Coordinating administration of LTSS programs


States should coordinate LTSS programs, policies, and budgets. This can be done in one state agency or across multiple agencies. It would promote efficiency, create single points of entry for LTSS, and implement the data collection necessary to manage LTSS strategically. 

States should: 

  • develop the capacity for prompt financial and functional Medicaid eligibility determinations for applicants who need and want HCBS, and use presumptive eligibility for people who are at risk of nursing facility placement without Medicaid-funded HCBS; 
  • use a unified global budget for publicly funded LTSS, so they have flexibility in allocating expenditures and utilize the money saved through reduced nursing facility use for increased coverage of HCBS; 
  • ensure that Olmstead plans include specific action steps, timelines, and strategies for securing necessary HCBS funding; 
  • ensure that consumers fully participate in implementing and monitoring state Olmstead plans and waivers at the state and local levels, including serving on advisory committees and governing boards; 
  • continue to monitor and revise, as needed, their Olmstead implementation plans; 
  • establish policies to pay relatives and friends who care for people with LTSS needs as part of a service plan, design programs and policies to protect consumers and avoid the erosion of family-care networks, guard against fraud and abuse, and avoid disincentives for unpaid caregiving;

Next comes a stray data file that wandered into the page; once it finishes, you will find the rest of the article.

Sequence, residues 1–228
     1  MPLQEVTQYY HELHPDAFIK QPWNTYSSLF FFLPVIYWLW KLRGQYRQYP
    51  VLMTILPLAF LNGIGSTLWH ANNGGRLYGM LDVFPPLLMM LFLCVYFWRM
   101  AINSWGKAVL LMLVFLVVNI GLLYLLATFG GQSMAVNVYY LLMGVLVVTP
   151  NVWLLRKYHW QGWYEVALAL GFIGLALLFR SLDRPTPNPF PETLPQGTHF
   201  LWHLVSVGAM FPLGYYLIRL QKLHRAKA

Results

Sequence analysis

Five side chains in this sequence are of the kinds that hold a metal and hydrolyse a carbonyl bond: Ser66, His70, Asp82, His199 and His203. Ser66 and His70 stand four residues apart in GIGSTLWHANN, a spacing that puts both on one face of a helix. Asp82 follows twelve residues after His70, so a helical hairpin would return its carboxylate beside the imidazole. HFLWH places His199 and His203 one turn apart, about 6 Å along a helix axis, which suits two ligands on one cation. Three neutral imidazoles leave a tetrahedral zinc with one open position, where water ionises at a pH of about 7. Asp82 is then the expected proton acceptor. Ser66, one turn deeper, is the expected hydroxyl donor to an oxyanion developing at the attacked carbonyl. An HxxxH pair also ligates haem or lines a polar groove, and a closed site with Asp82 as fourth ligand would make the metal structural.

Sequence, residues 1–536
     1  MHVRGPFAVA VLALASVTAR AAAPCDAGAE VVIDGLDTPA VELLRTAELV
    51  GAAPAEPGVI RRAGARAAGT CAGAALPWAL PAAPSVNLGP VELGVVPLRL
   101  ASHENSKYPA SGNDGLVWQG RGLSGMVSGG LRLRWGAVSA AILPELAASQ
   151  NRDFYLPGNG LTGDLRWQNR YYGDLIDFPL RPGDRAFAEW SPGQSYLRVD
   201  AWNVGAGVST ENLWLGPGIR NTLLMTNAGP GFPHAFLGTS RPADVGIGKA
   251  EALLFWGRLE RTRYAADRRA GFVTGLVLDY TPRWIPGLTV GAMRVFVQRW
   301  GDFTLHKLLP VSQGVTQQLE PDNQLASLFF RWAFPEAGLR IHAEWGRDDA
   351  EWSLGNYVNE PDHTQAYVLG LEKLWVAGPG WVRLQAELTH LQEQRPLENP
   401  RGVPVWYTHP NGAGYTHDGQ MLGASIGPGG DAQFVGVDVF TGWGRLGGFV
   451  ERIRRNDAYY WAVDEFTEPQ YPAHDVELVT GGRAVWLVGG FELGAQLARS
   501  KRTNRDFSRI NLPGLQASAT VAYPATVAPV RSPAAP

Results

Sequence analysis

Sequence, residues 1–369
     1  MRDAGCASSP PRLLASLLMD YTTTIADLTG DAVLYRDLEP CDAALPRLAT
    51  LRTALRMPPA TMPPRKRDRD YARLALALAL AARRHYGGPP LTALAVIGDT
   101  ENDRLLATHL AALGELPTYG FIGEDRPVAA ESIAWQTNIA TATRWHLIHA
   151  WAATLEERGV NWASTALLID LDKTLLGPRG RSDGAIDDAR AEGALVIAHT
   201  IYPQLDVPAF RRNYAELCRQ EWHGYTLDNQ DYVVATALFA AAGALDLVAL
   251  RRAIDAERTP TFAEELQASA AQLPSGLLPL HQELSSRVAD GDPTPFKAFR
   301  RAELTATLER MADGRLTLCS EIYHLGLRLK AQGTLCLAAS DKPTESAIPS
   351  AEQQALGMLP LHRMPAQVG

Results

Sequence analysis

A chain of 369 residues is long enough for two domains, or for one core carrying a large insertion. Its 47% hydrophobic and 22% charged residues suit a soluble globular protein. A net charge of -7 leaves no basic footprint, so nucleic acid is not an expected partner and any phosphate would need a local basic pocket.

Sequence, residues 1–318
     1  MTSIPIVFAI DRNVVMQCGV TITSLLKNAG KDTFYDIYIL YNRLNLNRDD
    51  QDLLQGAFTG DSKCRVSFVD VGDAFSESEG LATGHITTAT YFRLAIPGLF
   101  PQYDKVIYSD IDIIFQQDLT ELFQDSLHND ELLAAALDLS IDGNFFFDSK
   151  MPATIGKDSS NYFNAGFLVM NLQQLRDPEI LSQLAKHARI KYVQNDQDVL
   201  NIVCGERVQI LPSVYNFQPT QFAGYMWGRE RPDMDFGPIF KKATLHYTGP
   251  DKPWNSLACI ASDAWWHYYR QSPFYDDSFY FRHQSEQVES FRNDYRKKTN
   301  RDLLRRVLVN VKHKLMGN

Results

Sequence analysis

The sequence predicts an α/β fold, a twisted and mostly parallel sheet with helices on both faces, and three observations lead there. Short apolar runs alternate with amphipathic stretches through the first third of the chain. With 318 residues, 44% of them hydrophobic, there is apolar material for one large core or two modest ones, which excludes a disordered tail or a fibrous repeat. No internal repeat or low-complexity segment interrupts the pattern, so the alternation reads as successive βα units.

• identify barriers that unintentionally curtail consumer ability to direct their services or to arrange to have certain nursing tasks provided by unlicensed direct-care staff authorized and trained to do so by a registered nurse; 
  • ensure that registered nurses are protected from liability if they have followed the prescribed protocols for delegation, training, and supervision outlined in their states’ nurse practice acts; 
  • ensure that states with a formal process for allocating the number of nursing facility beds—such as a certificate of need—base decisions on the number of people who require a specific level of care and on data projecting the need for LTSS in different areas of the state; 
  • provide data on nursing facilities and HCBS use by race, ethnicity, age, and geographic region, as well as per capita and aggregate cost of services, including Medicaid services in nursing facilities and HCBS to the extent possible; 
  • ensure data gathered is sufficient to answer questions about disparities and support strategies to address them; 
  • provide data on the range of the level-of-care scores of people age 85 and older who are in nursing facilities; 
  • preserve and expand funding for respite care services in a range of settings, such as personal care services in the home or adult day services, to ensure that more family caregivers can have a break from their caregiving duties; 
  • preserve and expand funding for respite care services for all caregivers whether or not the individuals they are assisting are eligible for Medicaid or another publicly funded program; and 
  • allow family caregivers assisting individuals with moderate incomes, and who do not qualify for publicly funded respite services, to buy into or otherwise obtain these services.